Basic Soul (100 gp): This is the soul of a standard intelligent creature—a commoner, a low-level adventurer, a sentient monster of low CR, or any of the other hordes of weak or mundane folk who live out their lives with a normal amount of pomp and excitement. This is the lowest category of souls which interests daemons, who see animals and other nonsentient creatures as hardly worth the time to destroy.
Noteworthy Soul (500 gp): The souls of mid-level characters, rulers, famous or influential people, and other powerful, accomplished, and otherwise important people draw greater attention than basic souls, and drive bidding higher accordingly.
Grand Soul (1000–5000 gp): High-level characters, great heroes, dragons, powerful aberrations, and other such spirits of fabulous power and forceful personalities offer equally significant rewards to those who manage to contain their essences.
Unique Soul (priceless): For the truly unique souls—those of legendary figures, epic heroes, and other massive presences—there can be no going price. The unique sparks that live within these creatures are valuable beyond compare, and the frantic bidding (and backstabbing) that arises when one of these trapped spirits comes up for sale is the sort of thing fiends and undead wait thousands of years for, paying nigh-unimaginable prices for the right to consume or display such an artifact.
In addition to consuming them for the sheer joy of destruction, daemons use souls to empower themselves, conduct strange experiments, construct their hideous domains, and more—and mortal spellcasters have followed their lead. Of these varied uses, the most common is the creation or recharging of magic items, using the life force contained in soul gems and other such vessels—or drawn out of the victim directly at the moment of casting—to empower the magic being worked. In these cases, souls should be assigned values based on the categories presented here and then treated as material components, reducing the gold expenditure necessary to cast the spell according to the souls’ value. (Thus a spell that requires 400 gp to cast might instead cost 300 gp and a basic-level soul.) Souls used in this manner are consumed and destroyed utterly.
Souls are especially useful in the creation of intelligent items. In these cases, usually only one soul crystallizes as the intelligence embedded into the item, though other souls may be cannibalized in the item’s creation. Item alignment, item ability scores, and languages spoken by the item mirror those of the soul used to provide the item’s intelligence. Scholars have long debated whether the intelligence in such an item is the soul used, or if the soul is destroyed and the intelligence is only patterned on it—the implication being that recovered intelligent objects (especially of daemonic origin) might be destroyed in order to liberate the souls used in their construction. As instances of both have been reported over the centuries, the question remains open, though few adventurers are willing to destroy their prized weapons based on conjecture.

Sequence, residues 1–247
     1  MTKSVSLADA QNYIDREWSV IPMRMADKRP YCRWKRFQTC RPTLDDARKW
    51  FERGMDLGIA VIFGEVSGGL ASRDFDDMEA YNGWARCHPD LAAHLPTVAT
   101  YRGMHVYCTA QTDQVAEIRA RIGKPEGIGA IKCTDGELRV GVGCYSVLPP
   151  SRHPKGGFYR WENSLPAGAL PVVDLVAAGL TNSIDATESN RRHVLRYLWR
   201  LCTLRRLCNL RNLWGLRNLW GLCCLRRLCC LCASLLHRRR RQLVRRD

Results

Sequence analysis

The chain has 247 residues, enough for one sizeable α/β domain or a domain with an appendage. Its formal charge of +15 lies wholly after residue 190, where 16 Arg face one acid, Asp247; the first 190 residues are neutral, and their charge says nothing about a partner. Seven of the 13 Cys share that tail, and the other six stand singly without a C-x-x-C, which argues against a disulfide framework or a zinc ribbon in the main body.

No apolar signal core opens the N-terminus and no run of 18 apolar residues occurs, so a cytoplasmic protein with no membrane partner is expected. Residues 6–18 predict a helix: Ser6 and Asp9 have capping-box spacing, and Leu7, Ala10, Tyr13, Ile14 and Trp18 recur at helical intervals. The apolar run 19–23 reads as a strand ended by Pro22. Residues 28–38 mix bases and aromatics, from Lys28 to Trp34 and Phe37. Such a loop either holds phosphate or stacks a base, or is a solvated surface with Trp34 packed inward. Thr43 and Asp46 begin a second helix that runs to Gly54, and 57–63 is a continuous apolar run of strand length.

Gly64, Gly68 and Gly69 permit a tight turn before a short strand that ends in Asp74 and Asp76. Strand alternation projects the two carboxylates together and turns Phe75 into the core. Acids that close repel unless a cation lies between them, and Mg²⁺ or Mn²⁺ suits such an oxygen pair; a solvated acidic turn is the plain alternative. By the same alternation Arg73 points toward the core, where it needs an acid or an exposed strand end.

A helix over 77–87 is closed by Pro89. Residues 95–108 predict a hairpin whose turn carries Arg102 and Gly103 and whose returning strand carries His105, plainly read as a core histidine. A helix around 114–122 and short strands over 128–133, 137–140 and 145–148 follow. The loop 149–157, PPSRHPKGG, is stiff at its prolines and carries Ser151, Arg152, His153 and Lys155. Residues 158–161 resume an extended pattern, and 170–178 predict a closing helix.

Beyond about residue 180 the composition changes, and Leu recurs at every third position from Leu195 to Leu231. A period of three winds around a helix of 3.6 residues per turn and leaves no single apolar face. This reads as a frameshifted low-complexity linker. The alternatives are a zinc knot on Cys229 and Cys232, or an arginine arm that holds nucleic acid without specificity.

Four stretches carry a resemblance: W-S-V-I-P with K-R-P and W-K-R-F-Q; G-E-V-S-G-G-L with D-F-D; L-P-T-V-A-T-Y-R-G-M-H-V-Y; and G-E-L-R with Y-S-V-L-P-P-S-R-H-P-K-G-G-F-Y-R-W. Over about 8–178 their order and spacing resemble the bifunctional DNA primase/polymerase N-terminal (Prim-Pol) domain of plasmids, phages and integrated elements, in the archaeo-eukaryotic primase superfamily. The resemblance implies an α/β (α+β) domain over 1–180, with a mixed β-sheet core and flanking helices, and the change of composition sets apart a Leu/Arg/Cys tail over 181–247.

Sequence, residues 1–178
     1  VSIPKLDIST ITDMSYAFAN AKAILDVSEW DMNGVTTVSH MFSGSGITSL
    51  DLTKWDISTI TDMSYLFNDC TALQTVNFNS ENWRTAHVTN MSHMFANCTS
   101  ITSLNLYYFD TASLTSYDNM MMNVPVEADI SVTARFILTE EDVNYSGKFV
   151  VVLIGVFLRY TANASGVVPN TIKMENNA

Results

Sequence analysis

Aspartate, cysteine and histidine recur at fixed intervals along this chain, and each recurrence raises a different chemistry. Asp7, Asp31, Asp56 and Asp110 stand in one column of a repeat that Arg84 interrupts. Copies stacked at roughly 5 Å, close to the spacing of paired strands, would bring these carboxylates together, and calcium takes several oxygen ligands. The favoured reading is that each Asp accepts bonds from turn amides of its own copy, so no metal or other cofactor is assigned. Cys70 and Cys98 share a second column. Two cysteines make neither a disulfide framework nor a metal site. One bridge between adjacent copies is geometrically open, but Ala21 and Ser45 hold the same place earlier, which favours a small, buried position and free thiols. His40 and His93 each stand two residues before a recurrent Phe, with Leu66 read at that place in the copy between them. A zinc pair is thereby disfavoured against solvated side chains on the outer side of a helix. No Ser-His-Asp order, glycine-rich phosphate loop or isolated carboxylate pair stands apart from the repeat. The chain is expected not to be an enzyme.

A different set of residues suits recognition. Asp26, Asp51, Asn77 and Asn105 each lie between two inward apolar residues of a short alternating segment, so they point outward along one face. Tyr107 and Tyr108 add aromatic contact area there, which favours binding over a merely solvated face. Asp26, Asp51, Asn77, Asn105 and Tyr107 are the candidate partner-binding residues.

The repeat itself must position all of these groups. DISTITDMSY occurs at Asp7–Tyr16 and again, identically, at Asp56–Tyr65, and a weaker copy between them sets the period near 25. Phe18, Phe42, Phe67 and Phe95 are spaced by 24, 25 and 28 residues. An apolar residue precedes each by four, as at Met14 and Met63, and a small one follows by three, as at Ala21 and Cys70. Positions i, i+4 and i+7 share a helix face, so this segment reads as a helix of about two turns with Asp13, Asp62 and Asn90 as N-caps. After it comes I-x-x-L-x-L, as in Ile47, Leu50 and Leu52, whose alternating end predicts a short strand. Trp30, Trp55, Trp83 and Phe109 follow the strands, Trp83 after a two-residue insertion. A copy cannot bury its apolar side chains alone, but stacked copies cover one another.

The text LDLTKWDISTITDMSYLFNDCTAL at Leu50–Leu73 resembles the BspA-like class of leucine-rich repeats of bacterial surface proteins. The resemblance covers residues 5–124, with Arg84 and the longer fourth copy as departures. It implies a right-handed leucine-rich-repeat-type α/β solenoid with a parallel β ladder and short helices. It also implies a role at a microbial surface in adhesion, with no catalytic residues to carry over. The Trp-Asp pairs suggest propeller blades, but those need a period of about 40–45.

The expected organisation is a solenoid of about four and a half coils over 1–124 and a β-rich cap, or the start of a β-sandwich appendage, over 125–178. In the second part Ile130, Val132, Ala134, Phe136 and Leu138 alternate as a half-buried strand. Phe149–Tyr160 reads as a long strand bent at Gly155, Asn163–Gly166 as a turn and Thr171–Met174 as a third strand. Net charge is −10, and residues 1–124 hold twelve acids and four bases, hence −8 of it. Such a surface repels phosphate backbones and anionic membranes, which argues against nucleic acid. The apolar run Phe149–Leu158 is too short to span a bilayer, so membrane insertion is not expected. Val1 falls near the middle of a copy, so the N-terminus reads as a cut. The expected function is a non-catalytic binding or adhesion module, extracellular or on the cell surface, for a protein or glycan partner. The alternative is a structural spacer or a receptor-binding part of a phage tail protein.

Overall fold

Beyond the means described above, daemons have myriad additional means of trapping, keeping, and subsequently using souls for constructing permanent objects and effects, such as a liquid form of soul-stuff mixing multiple souls, a crystalline dust formed from soul gems, and even ink created from souls and used to write down the names of the doomed, imprisoning them in elaborate poems penned on the daemons’ own flesh. Something intrinsic in daemonic nature allows for this flexibility, as some of the same methods they routinely use fail spectacularly when attempted by non-daemons, including such creatures as night hags, devourers, liches, and followers of some fiendish lords, who themselves possess a vested interest in exploiting some or all of these methods.
While many claim to see absolute evil in the eons-spanning agendas of Hell or the unpredictable and unstoppable devastation of the Abyss, the features of immorality, depravity, and cruelty most truly shape the face of Abaddon. The scions of this shattered realm know no ambitions but their own, no loyalty but that wrested from them by fear or pain, and no limitations in pursuing their most wicked desires. Some underestimate daemons, viewing them as evil without form, with vague plots that fall short of diabolical schemes and constrain them from the boundless degeneracy of demonkind. In truth, daemons might be viewed as embodying evil at its purest, free from the mandates and strictures of devils, possessed of greater vision and focus than demons. They are embodiments of evil without concern for law or chaos, malice given thought and form.
All daemons endure trials upon the plane of Abaddon, facing mind-shattering torments and paradoxes that, over eons, imbue each with the fundamental traumas and timeless hatreds that epitomize daemonkind.
From the Mortal to the Eternal: A daemon’s existence begins in shock, pain, fear, and desperation. Virtually every daemon begins by crawling Abaddon’s unforgiving soil as one of the hunted. The rare exceptions to this wretched beginning are often those mortals who, prior to death, worshiped one of the Horsemen and sealed a pact that condemned them to one of these unfathomably evil beings’ clutches—and even then, at least half of these depraved spirits are betrayed by their patrons and consumed outright. Only seldomly does a mortal of exceptional evil and foul potential gain a daemon’s interest. Such perverse spirits can hardly view such attention as a boon, though. Existence as one of the hunted is terrifying and generally swift, ending in a moment of horrific violence as the soul is consumed by the denizens of Abaddon. Those elevated to serve as newly shaped daemons face prolonged trials of pain, maddening stints of gaslighting, and unimaginable cruelties. Over a span of ages, just as surely as the souls of the hunted are destroyed and digested, so are the souls of promising mortals warped and fractured into beings unrecognizable from the villains they once were. Either as one of the transcended hunted or a chosen spirit, once a soul becomes a daemon it typically turns to prey on other hunted, mercilessly reveling in its increased status, even though most are elevated only to the forms of cacodaemons. Gradually, as time progresses in spans measured in centuries, new daemons integrate into the larger societies of Abaddon. These less powerful fiends wander Abaddon, left to their own devices until gathered together and organized by their more powerful kindred, obeying out of fear or respect. To the masses of lesser daemonkind, structure and organization come with difficulty, but their superior brethren find that their loyalty can be purchased quite easily. The mantra endlessly whispered in the ears of lesser daemons is simple: “Servitude brings safety and souls. Follow, obey, and feast.” In this way most lesser daemons fall under the sway of more powerful members of their kind.